BALTIMORE, JUNE 8 -- Jim Leyritz made his major-league debut for the New York Yankees tonight. It was a game the young third baseman will never forget.

Leyritz's bad throw to the plate in the 10th inning allowed Randy Milligan to score the run that gave the Baltimore Orioles a 5-4 victory before 44,347.

With two out in the ninth, Leyritz batted for Wayne Tolleson and stroked a game-tying, two-out single to left off Gregg Olson. It marked the first blown save of the season for Olson and made a temporary hero of the converted catcher who was called up today from Columbus of the International League.

The victory was the Orioles' third straight, sixth in the last seven. For the struggling Yankees, it was the seventh defeat in a row, 12th in 13.

It made Stump Merrill's record as Yankees manager 0-3, and Merrill said, "Somehow you have to get a game like this out of your system. It'll take me quite a while."

Not much went the Yankees' way from the time a sudden shower terminated their batting practice after just 15 minutes. Once the game began, starting pitcher Mike Witt was able to throw only 25 pitches before he felt a pop in his elbow and had to leave.

The first of six relievers, left-hander Greg Cadaret, had a terrible time in the third inning, yielding a pair of surprising home runs.

After second baseman Steve Sax committed the first of the Yankees' two costly errors, Bill Ripken lofted a homer into the first row in left field. It was his first career homer in 585 at bats at Memorial Stadium, his seventh overall.

Bradley, who had four hits, followed with the Orioles' first inside-the-park homer in almost 14 years. Right fielder Jesse Barfield, whose 11th homer had given New York a 2-0 lead, dove for Bradley's liner and missed it, the ball rolling to the wall as Bradley circled the bases. Like Ripken, Bradley was hitting his first home run of the season.

"The way I've been hitting, that's about the only way I was going to get one," Bradley said. "It's an exciting play and that's the first time I've ever had one in my career."

Al Bumbry had the Orioles' last such homer in Chicago in 1976; he also had the last one here, in 1974.

Both teams exhibited some timid base running thereafter and paid a price. The Yankees pulled even briefly in the sixth on Matt Nokes's two-out single, but the Orioles got it back in the bottom half on a two-out single by Craig Worthington.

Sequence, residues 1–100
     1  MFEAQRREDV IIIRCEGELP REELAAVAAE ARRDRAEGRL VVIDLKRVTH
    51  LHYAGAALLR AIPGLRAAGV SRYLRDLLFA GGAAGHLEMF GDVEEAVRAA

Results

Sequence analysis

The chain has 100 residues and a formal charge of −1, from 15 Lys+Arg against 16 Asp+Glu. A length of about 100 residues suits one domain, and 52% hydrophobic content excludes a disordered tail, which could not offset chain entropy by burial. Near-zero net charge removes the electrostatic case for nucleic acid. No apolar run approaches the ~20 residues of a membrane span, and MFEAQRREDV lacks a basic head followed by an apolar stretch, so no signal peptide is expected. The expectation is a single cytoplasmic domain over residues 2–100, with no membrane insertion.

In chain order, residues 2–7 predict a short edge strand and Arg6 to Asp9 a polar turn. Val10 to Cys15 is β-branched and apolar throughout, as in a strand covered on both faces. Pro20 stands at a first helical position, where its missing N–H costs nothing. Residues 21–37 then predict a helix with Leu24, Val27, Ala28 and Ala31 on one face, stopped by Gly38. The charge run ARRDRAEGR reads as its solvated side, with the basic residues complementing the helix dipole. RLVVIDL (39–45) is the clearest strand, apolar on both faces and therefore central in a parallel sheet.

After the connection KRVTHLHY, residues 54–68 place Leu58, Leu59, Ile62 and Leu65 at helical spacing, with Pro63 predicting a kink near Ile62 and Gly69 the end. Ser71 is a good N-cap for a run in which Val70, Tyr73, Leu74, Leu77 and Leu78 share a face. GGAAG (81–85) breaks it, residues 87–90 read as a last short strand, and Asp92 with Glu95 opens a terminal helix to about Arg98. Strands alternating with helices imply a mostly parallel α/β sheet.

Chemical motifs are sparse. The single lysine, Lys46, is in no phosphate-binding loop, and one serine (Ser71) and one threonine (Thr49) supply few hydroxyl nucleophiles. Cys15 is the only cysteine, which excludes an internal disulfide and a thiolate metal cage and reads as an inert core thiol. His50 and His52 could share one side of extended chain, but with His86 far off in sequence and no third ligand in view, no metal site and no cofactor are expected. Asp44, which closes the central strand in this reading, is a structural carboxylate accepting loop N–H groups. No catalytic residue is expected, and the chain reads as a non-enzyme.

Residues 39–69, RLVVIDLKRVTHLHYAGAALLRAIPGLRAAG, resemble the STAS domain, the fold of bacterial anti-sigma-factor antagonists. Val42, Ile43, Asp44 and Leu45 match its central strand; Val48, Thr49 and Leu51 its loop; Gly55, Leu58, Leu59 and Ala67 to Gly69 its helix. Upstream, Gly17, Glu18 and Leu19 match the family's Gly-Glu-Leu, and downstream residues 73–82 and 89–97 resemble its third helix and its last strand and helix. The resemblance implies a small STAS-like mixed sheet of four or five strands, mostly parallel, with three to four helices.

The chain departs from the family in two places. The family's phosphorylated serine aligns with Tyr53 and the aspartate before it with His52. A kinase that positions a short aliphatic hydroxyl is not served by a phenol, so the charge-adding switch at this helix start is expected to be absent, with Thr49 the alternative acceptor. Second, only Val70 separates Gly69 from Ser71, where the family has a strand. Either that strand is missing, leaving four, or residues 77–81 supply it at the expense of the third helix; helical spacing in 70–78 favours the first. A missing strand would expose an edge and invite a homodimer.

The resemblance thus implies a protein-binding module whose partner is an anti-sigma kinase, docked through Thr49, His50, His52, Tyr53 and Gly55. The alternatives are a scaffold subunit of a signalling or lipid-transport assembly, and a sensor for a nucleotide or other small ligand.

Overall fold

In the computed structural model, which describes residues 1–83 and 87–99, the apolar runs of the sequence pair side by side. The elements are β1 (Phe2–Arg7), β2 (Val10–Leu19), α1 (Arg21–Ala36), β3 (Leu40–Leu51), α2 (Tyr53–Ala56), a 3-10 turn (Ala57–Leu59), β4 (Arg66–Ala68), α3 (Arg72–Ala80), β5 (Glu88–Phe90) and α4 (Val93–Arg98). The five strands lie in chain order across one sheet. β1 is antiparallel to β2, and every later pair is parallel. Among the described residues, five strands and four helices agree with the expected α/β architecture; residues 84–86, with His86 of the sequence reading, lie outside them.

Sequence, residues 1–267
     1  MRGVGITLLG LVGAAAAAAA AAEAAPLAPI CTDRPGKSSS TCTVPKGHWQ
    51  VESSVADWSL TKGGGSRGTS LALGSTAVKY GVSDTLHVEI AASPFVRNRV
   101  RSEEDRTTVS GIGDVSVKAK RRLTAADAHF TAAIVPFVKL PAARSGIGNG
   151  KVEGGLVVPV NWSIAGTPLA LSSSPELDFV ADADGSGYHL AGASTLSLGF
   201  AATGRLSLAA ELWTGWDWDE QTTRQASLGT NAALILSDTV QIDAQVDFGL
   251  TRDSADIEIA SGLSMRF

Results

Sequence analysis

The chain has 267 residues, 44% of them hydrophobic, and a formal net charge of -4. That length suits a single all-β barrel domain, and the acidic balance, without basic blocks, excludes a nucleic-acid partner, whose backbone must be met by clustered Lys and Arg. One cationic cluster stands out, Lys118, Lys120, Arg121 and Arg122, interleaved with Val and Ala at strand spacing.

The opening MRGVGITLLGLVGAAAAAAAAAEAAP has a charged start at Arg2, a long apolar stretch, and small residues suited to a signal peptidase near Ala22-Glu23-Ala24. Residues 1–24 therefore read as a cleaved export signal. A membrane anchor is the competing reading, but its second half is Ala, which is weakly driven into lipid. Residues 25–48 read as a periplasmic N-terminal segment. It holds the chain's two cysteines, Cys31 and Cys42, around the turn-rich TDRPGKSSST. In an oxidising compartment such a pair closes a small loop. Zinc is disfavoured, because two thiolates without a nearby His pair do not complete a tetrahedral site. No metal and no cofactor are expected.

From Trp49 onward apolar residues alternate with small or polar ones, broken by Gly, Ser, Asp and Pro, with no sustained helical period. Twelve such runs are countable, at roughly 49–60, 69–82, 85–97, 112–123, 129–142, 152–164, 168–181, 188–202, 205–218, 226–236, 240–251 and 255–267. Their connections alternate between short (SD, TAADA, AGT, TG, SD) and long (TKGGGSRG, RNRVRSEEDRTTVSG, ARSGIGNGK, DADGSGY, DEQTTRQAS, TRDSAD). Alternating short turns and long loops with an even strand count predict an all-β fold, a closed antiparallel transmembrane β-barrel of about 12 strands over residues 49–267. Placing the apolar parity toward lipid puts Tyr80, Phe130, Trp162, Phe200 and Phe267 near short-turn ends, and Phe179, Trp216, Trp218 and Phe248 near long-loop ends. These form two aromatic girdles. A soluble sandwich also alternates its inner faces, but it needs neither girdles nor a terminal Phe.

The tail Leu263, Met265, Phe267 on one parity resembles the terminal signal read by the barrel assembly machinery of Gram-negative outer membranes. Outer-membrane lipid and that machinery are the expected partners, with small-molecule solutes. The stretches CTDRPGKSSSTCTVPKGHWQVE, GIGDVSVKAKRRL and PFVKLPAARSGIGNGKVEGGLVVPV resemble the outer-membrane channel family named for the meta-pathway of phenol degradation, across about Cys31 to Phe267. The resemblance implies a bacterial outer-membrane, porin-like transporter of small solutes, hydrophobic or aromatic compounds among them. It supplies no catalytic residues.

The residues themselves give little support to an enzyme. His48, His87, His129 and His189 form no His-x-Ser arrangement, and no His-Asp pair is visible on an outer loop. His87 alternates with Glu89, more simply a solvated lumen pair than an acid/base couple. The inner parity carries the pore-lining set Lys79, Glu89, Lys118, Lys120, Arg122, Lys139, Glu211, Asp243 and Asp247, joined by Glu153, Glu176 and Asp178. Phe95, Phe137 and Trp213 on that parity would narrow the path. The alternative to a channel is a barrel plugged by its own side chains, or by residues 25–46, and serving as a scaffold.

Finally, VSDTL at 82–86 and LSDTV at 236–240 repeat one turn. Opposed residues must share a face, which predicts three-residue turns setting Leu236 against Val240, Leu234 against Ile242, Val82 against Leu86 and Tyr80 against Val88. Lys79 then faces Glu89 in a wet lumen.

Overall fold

Mark Williamson, the third of five Baltimore pitchers, retired pinch hitter Steve Balboni on a fly ball to strand runners on first and third in the seventh. Then he worked a one-two-three inning in the eighth.

Still, Manager Frank Robinson summoned Olson to pitch the ninth, his sixth such assignment in seven days.

When Randy Velarde grounded out and Deion Sanders fanned, it appeared to be just one more Olson magic show. But Sax punched a single to right and up came Leyritz.

After fouling off two tough pitches, Leyritz poked one of Olson's patented curves to left and the game was tied.

"I really felt great," Leyritz said. "Facing the top reliever in the league, I had a lot of adrenaline flowing. The guys in the dugout told me what he throws and I was mainly looking for a curve ball.

"I was a little anxious on the first couple of swings and then he threw a fastball that just missed outside. But he gave me a curve that was up enough so I could hit it and you can't expect much more from your first major league at bat."

"We knew he {Olson} was human and some day he wouldn't get a save," Robinson said. "I'll take 14 and one every time. I'm just glad we came back and won the game."

Right-hander Alan Mills, who accompanied Leyritz here from Columbus, pitched the ninth inning and survived despite two hits, a walk and three line-drive outs.

Brian Holton, Baltimore's fifth pitcher, enjoyed a one-two-three inning in the 10th and Mills quickly got himself in more hot water.

Randy Milligan walked and Bob Melvin sacrificed him to second. Merrill chose to walk Worthington intentionally and Robinson sent Chris Hoiles up to bat for Bill Ripken. Mills walked him to fill the bases and Merrill replaced the right-hander with lefty Lee Guetterman, although the batter was Bradley, a right-handed hitter who had gone four for four.

"That 2-2 pitch to Hoiles -- I don't know how he can take that ball," Merrill said. "But he got the walk, so I guess he knew what he was doing.

"I don't want to put Mills in his first appearance up against the wall when a vet can sink it and get a ground ball. We get the ground ball and unfortunately, we can't execute it."

Bradley hit a sharp grounder to the right of Leyritz, who backhanded the ball and elected to throw home for a force. But the ball bounced in front of catcher Nokes and rolled away as Milligan scored.